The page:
Reuniting refugees separated from family members amidst a conflict, natural disaster, or political insurgence has historically been a tremendous challenge for even the most experienced aid organizations.
Young children can often only provide spotty details in terms of names and family origin. Resource constraints mean aid workers generally work off of paper forms that can languish in boxes before they’re cross-referenced. As a result, family members can remain separated from one another—sometimes within the same refugee camp—for months.
That waiting time can now be reduced to a number of hours, thanks to a new application developed for UNICEF by Tisch School of the Arts ITP alumnus and faculty member Jorge Just. Rapid Family Tracing and Reunification, also known as RapidFTR, is a mobile application that allows for flexible, digital input and cross- referencing of refugee information into a shared, secure database. According to UNICEF, which launched the app to bring together Congolese refugees in Uganda, RapidFTR has vastly accelerated the time it takes to identify family members in flux.
Just developed RapidFTR in 2010 while a student in the ITP class “Design for UNICEF,” taught jointly by Clay Shirky and UNICEF’s director of innovation, Christopher Fabian. He then joined UNICEF to further develop the app, while also taking over teaching the course from Shirky in 2011. Last fall, Just and Fabian refocused the class on Hurricane Sandy, tasking students with creating tools and applications to help not only in developing countries but also in developed countries facing natural disasters. Three of his students recently received a $50,000 grant from the U.S. Fund for UNICEF to develop similar applications.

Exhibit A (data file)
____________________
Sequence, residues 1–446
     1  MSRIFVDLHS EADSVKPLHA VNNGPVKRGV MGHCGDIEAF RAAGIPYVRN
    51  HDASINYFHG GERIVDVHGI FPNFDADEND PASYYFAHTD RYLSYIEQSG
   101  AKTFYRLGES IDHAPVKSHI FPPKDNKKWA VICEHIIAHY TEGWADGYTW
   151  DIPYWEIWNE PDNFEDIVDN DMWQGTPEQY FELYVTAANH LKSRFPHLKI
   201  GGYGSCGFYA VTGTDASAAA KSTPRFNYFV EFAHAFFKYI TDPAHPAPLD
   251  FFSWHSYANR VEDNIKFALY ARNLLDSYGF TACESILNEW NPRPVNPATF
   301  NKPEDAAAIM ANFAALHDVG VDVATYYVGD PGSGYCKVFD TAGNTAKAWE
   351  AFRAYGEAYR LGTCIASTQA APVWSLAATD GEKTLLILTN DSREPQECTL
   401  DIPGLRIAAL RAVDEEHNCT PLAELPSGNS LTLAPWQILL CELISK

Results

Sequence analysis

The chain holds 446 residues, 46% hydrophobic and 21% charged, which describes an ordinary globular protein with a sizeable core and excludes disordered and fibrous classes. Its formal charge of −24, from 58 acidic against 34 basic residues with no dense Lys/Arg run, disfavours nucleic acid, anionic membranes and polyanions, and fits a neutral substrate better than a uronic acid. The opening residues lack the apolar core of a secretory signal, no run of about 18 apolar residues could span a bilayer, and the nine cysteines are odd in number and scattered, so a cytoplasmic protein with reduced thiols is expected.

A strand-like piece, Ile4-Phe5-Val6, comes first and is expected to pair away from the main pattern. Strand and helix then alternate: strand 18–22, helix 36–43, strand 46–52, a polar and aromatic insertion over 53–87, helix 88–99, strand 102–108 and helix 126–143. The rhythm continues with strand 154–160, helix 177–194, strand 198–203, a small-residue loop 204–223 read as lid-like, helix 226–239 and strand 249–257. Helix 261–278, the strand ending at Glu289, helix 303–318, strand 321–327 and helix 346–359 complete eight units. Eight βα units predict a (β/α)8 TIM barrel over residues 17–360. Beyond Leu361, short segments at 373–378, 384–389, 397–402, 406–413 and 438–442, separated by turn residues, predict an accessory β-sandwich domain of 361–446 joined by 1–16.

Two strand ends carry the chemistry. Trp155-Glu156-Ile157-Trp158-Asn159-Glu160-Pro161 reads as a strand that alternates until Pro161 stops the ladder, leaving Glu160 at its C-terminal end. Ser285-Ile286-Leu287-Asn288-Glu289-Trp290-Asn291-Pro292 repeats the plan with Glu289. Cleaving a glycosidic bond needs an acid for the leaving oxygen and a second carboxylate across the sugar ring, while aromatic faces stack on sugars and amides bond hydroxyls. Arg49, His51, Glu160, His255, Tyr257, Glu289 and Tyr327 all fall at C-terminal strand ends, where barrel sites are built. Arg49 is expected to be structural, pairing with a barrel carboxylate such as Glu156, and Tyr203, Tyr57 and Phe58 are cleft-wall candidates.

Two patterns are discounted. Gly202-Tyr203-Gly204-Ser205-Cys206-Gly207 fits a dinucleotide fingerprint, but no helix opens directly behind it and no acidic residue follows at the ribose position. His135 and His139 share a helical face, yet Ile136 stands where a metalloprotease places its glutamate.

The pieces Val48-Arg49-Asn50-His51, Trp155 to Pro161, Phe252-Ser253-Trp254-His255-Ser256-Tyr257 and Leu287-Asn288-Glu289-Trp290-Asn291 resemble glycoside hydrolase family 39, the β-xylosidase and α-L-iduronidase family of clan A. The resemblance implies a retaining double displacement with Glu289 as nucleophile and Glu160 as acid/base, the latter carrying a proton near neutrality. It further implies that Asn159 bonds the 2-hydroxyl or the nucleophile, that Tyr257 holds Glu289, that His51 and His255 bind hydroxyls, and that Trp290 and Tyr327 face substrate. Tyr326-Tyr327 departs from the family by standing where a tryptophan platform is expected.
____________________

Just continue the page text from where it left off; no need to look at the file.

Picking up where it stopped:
“This application is already helping children in Uganda and the fact that it’s open source gives us scope to easily modify and adapt it to whatever situations arise,” says Fabian. “RapidFTR is a perfect example of technology’s potential to change the face of humanitarian efforts throughout the world.”